The opinion of the court was delivered by: Honorable Janis L. Sammartino United States District Judge
ORDER (1) GRANTING MOTION TO REMAND AND (2) DISMISSING MOTION TO CONSOLIDATE CASES (Doc. Nos. 3, 8.)
Presently before the Court is Plaintiff Aurora Loan Services LLC's motion to remand case to state court. (Doc. No. 3.) Also before this Court is Defendants Philip F. Kennedy and Dana L. Kennedy's ("Defendants") motion to consolidate cases. (Doc. No. 8.) For the reasons stated below, the Court GRANTS Plaintiff's motion to remand and DISMISSES Defendants' motion to consolidate cases.
Plaintiff filed an unlawful detainer action against Defendants in the Superior Court of California for the County of San Diego on February 11, 2010. (Doc. No. 1 at Appendix 3.) Soon thereafter, Defendants filed a notice of removal in federal court. (Id. at 1.) Plaintiff filed the motion to remand on May 12, 2010.(Doc. No. 3.) And finally, Defendants filed the motion to consolidate cases on August 19, 2010. (Doc. No. 8.)
In cases "brought in a State court of which the district courts of the United States have original jurisdiction," a defendant may remove the case to federal district court. 28 U.S.C. §1441(a). However, courts "strictly construe the removal statute against removal jurisdiction." Gaus v. Miles, Inc., 980 F.2d 564, 566 (9th Cir. 1992) (citations omitted). Therefore, "[f]ederal jurisdiction must be rejected if there is any doubt as to the right of removal in the first instance." Id. (citing Libhart v. Santa Monica Dairy Co., 592 F.2d 1062, 1064 (9th Cir. 1979)). The removing party bears the burden of establishing that federal subject matter jurisdiction exists. Emrich v. Touche Ross & Co., 846 F.2d 1190, 1195 (9th Cir. 1988).
The pleadings in this case require a discussion of both federal question jurisdiction and diversity jurisdiction. Each will be discussed in turn.
Defendants' notice of removal alleges that the district court has jurisdiction because the Defendants' "rights to due process of law were denied." (Doc No. 1 at 2.) This can only be construed as requesting removal under federal question jurisdiction.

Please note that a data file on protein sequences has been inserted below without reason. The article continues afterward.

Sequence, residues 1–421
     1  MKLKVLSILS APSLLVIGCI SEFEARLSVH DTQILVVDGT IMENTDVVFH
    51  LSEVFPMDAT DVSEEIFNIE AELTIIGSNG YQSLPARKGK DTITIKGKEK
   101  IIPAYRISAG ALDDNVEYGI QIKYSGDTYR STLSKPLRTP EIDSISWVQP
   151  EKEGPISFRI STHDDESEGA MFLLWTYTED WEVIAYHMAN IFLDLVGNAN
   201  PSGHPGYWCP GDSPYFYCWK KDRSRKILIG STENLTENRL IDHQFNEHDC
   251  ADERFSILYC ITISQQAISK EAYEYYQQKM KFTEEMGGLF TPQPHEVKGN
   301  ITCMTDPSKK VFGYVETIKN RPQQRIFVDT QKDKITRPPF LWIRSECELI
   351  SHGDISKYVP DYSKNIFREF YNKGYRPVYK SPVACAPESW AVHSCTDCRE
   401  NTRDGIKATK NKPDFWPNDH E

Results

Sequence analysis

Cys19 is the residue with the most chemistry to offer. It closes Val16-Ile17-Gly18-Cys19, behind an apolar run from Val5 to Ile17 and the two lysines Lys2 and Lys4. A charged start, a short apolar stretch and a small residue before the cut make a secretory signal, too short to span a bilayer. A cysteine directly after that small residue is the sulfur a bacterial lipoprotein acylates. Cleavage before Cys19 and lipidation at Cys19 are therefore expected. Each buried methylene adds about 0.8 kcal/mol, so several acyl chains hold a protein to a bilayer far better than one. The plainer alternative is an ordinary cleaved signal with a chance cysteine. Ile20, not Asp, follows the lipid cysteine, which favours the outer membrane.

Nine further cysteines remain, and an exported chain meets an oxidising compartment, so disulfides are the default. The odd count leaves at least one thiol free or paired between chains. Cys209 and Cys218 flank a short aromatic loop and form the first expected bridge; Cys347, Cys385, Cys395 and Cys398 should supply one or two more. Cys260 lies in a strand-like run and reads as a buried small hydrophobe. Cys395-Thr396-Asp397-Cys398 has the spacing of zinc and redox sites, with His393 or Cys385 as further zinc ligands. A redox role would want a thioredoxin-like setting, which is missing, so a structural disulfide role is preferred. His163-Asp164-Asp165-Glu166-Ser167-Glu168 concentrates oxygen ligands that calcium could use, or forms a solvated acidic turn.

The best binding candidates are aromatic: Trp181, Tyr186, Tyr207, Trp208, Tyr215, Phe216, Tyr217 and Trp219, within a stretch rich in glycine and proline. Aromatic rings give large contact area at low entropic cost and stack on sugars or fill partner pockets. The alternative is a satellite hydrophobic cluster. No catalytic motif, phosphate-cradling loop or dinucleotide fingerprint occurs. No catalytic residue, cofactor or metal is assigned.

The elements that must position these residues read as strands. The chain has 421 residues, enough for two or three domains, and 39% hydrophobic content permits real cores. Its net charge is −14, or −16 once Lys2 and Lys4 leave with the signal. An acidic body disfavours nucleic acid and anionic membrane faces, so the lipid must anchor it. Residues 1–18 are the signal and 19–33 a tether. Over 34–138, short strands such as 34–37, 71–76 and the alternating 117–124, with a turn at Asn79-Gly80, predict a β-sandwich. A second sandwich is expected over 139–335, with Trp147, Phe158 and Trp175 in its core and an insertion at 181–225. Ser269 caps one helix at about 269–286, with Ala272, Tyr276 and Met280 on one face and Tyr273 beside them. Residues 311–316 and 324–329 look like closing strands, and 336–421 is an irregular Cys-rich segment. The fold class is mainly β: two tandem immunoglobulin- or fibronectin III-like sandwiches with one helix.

To determine whether federal question jurisdiction exists, the Court looks to the plaintiff's complaint. Holmes Group, Inc. v. Vornado Air Circulation Systems, Inc., 535 US 826, 830 (2002). The Court does not consider the defendant's answer, defenses, or counterclaims. Id. 831. In this case, Plaintiff's underlying claim is an unlawful detainer action filed under California state law. (Doc. No. 1 at Appendix 3.) Defendants do not contest this and state only that their due process rights were denied. Even assuming that these allegations are true, the allegations cannot be taken into consideration for determining whether removal is appropriate. Consequently, there is no federal question basis for removal.
Defendants make a claim for diversity jurisdiction in their opposition to the motion to remand. (Doc. No. 4.) Diversity jurisdiction requires that the plaintiffs and defendants be of different citizenship and that the amount in controversy exceed $75,000. 28 U.S.C. § 1332. Defendants claim that diversity jurisdiction exists because Plaintiff is a "foreign limited liability company" domiciled in Delaware and the value in controversy exceeds $75,000. (Doc. No. 4 at 2.) Plaintiff's complaint indicates, however, that the amount demanded does not exceed $10,000. (Doc. No. 1 at Appendix 3.) Because one of the two requirements for diversity jurisdiction is not met, there is no diversity jurisdiction basis for removal.
Defendants fail to establish that this Court has subject matter jurisdiction over the matter. A look at Plaintiff's complaint indicates that there is no federal question and that the amount in controversy is not more than ...